scharrison's blog

Duke University rethinking construction of natural gas facility

Taking a step back to evaluate their options:

For a university that has always been protective of its global reputation, contributing to global greenhouse gases through a natural gas plant is no way to burnish that image. That’s one of the conclusions of a Duke University Campus Sustainability Subcommittee, which released a report on a proposed combined heat-and- power natural gas plant today.

As a result, university Executive Vice President Tallman Trask announced that the board of trustees won’t vote as scheduled on a new $55 million, 21-megawatt combined heat and power natural gas plant on campus.

It's good they're taking a long, hard look at this project. I was going to say, "It's about time," but I don't want to look a gift academic horse in the mouth. But timeliness aside, there was one particular point I was looking for in the Subcommittee's report, and I found it:

Mark Meadows: Poster child for ending gerrymandering

We need to build a wall to keep people like him out:

There have been some predictions of a shutdown based on statements from some congressmen that they don’t want to fund a border wall with Mexico as part of a bill to keep the government going, the fear that some conservative House members like Meadows will use the occasion to get concessions on one issue or the other or the possibility of a debate over a ban on funds for Planned Parenthood.

Meadows predicted that Congress will approve funds for a border wall and increases for the military and Department of Homeland Security along with funds to keep the government going and dismissed the idea of a shutdown.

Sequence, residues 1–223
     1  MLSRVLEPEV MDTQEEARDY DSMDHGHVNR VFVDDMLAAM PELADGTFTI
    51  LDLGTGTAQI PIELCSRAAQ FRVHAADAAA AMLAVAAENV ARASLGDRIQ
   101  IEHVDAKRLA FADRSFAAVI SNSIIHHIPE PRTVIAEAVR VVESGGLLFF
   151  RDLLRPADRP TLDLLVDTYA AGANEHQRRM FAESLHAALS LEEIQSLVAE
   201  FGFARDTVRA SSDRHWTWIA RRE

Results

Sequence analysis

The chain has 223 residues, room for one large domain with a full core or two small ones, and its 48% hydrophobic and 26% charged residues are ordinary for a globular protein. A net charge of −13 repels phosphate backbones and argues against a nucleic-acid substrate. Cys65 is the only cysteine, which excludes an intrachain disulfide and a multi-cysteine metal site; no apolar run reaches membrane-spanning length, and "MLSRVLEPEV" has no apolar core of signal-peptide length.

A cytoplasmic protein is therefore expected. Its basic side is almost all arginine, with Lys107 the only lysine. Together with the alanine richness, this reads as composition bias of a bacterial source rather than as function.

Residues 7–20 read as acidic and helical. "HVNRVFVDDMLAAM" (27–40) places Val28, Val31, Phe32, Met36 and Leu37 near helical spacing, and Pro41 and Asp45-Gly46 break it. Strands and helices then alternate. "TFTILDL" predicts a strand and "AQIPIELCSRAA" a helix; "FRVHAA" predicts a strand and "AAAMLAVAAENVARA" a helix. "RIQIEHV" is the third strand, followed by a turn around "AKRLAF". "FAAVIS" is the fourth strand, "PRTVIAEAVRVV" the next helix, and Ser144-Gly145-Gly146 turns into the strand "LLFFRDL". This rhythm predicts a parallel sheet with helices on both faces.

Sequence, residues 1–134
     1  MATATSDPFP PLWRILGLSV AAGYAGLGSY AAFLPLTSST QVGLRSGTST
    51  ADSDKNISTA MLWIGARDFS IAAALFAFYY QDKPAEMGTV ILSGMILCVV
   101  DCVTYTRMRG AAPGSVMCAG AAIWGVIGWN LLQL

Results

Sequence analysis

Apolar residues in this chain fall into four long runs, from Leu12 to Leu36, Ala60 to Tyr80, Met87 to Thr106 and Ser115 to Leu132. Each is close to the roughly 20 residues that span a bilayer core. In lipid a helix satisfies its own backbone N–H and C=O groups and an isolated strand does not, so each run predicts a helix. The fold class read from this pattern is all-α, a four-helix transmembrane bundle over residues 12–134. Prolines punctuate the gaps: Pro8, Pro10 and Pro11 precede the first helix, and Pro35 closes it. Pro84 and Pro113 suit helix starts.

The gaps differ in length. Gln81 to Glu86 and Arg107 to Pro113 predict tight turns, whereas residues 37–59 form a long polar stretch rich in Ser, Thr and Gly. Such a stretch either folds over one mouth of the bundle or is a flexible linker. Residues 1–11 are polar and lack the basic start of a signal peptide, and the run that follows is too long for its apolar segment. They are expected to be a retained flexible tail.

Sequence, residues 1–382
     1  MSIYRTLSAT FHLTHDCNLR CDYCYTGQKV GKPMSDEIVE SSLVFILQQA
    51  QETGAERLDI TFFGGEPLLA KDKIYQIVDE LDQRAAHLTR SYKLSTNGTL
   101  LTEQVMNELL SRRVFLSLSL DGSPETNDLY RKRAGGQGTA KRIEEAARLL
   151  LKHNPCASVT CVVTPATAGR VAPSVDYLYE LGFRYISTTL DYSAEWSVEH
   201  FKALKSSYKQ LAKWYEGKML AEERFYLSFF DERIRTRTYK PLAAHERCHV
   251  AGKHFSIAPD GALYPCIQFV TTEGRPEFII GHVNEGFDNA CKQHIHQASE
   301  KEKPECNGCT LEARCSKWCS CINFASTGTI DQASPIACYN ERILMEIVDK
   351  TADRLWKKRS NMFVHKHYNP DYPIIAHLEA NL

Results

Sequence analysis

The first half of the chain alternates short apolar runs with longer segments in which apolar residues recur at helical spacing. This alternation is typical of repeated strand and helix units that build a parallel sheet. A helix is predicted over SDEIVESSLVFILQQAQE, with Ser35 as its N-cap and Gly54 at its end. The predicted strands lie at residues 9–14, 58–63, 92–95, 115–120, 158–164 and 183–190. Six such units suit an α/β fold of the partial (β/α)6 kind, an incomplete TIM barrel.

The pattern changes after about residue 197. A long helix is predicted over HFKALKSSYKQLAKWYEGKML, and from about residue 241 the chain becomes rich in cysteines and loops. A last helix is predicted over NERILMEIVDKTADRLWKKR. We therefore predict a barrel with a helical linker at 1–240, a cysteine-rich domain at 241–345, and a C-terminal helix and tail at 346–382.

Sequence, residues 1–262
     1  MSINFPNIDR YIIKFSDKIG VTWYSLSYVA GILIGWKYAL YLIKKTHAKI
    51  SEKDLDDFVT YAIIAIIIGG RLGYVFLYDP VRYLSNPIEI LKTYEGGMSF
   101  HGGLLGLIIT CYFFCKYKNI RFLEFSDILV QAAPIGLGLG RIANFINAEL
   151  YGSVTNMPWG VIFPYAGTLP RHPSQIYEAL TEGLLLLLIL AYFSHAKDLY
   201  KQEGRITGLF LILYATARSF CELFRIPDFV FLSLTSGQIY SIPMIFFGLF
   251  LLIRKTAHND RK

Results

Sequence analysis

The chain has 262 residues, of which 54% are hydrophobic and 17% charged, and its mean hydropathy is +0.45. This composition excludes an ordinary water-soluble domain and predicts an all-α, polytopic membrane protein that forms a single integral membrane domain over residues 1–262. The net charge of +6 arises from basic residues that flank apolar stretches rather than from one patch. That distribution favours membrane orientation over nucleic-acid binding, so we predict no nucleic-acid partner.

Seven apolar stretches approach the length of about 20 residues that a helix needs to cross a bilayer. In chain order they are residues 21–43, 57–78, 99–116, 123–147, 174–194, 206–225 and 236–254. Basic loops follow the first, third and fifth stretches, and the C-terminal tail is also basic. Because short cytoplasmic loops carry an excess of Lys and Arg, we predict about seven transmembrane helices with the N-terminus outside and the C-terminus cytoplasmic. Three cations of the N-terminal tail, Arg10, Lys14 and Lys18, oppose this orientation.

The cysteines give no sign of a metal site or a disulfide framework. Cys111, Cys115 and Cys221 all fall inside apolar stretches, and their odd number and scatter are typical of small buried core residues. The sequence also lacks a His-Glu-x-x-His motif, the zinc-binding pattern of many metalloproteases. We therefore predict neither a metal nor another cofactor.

Anti-immigration, anti-abortion, and more money to bomb the shit out of Muslims. When these are your main priorities, you have no business being allowed into the Capitol Building, much less filing bills and voting and such. We've got a lot of work to do.

Please support HB200, non-partisan redistricting Commission

It may be the only way to save our democracy:

No district shall be drawn for the purpose of favoring a political party, incumbent legislator, or member of Congress, or other person or group, or for the purpose of augmenting or diluting the voting strength of a language or racial minority group. In establishing districts, no use shall be made of any of the addresses or geographic locations of incumbents.

Except to the extent required by the North Carolina and United States Constitutions, the Voting Rights Act of 1965, and applicable court decisions, no use shall be made of:

(1) Political affiliations of registered voters.
(2) Previous election results.
(3) Demographic information, other than population head counts."

At our Alamance County Democratic Party Convention yesterday, Pete Glidewell (recent Congressional candidate in NC's 6th District) made an eloquent and impassioned argument on the dangers of partisan gerrymandering. This is not a "new" problem by any stretch of the imagination, we've been living with the consequences of blatant partisan gerrymandering since the 2012 Election. And while there have been some promising developments on the legal front, we're over halfway to the next round of redistricting following the 2020 Election, and we need to fix this thing if we can. Here are some stats Pete provided to drive that home:

NC Senate bill would shift more funding to charter schools

charterpirates.jpg

The school privatization train picks up speed:

The battle in question concerns how local funding is shared between traditional public schools and charter schools. SB 658 would require traditional school districts to send more of their local funds to charter schools.

This bill is misguided because charter schools already receive more local funding than traditional public schools, and the gap is growing. A NC Justice Center report published in September showed that, controlling for student residence, the local spending in charter schools in fiscal year 14-15 exceeded the local per pupil spending in traditional schools by $142 per student. That gap has increased in fiscal year 15-16, with charter schools now exceeding local spending of traditional schools by $212 per student. SB 658 would only exacerbate these funding discrepancies.